2. How long can Ethiopia allow sitting on her hands while Egypt and Sudan developed the water and become at least self-reliant in food security? You want Ethiopia to allow the 1959 agreement of Egypt and Sudan to go on?
3. What would be your response if I tell you your government’s mistreatment and human rights violations of Ethiopians living in your country? If you are serious about fairness and justice on Nile waters, why don’t you start with your own country, Saudi Arabia, and turn it into a land of justice and fairness.
I would like to let you know something about Ethiopia’s flag project being constructed near Ethiopia-Sudan border. It is not, as you have said it, to harm Egypt and the Sudan but to fight poverty throughout the basin. Furthermore, there is a panel of experts which assess the impacts of the project. I don’t think anyone knows the impacts the dam might have at this point. As a matter of fact, we believed there wouldn’t be any harm to the environment, water and the regions as a whole. But that should also be expressed by the panel of experts drawn from the three countries (Ethiopia-Sudan and Egypt) and another four neutral international experts, who are assessing the impacts of the dam, if any, and to be announced in May this year, which we believe their findings will produce good result.
Dear Prince Khalid, I feel the remarks you made is of very detriment of the relations your country Saudi-Arabia has with Ethiopia. It would exacerbate tension and regional instability, and race for water resources control.
As Nile is a serious concern for Egypt, so is poverty for Ethiopia. To eradicate poverty, Ethiopia, as any other nation does, would make concerted efforts to utilize all its resources provided that it inflicts no harm. Again, it is crystal clear for everybody that no single law, no set of laws can deny Ethiopia’s legitimate right of using its water resources for development purposes. Therefore, I affirm you that, no matter whoever says what, we will continue building the dam without causing any harm to any country, be Egypt or Sudan.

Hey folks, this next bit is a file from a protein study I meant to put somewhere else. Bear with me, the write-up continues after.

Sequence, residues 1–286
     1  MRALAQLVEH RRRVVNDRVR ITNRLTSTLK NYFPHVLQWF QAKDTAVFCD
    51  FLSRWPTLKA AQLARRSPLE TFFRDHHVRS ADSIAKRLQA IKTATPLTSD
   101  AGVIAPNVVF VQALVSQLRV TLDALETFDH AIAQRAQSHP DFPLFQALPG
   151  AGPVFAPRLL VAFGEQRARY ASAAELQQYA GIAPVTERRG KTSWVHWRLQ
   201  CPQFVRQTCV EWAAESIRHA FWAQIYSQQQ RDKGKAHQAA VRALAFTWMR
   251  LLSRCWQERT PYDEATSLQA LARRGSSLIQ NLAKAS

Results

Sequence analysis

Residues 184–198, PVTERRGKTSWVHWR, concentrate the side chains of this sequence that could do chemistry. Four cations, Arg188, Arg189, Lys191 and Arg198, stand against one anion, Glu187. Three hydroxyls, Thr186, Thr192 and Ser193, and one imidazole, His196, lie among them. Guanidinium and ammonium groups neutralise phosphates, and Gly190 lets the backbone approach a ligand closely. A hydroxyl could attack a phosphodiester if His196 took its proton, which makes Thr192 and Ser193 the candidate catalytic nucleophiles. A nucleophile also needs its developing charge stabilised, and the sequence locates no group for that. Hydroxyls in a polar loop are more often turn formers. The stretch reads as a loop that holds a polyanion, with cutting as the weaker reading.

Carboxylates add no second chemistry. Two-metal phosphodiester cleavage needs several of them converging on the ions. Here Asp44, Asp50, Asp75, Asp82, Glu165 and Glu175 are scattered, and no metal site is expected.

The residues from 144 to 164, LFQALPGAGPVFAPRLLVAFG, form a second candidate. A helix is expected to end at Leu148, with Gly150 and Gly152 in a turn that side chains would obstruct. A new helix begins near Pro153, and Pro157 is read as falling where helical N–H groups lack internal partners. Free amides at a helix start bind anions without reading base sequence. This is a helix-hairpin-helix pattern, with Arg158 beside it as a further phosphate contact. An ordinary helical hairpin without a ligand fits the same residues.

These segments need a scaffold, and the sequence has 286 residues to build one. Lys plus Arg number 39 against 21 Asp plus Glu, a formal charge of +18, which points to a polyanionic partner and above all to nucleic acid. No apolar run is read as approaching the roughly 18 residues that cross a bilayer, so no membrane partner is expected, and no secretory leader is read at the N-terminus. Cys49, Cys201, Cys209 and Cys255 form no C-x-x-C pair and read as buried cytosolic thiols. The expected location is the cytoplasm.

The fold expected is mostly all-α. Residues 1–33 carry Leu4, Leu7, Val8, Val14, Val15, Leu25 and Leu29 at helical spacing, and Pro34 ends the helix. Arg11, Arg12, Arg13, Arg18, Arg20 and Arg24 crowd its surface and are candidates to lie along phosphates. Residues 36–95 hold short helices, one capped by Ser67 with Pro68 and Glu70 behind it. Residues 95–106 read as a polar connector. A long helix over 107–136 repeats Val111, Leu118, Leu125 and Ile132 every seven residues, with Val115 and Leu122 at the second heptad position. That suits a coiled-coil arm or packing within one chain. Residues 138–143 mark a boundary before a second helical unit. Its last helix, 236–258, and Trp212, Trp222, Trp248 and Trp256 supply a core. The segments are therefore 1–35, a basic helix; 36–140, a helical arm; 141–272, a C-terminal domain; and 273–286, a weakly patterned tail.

The distorted notion you forwarded must be rectified soon and we hope you come up with fresh insights and far reaching solutions to address this Nile issue.
Dear Prince Khalid,
I firmly believe that you will have a significant role in bringing more peace and stability for the region in general and in the Nile basin countries in particular. Therefore, I would appreciate if you play a positive role in easing tension that are looming over the region in different occasions.
Ethiopia will not forever be a threat for the region whatsoever and nor be objecting any Nile basin country to use the water fairly and legally. The countries of the Nile basin would rather be better advised to focus on early conflict prevention and detection mechanisms. And we would also be advised to work on issues that could make the water resources more productive and sustainable.
Thank you very much for taking my concerns.
*Originally published on the Ethiopian Herald, editorial view point section, on March 14, 2013, titled “Open Letter to Prince Khalid Bin Sultan, Deputy Defence Minister of Saudi Arabia”.
Check the archives for related posts.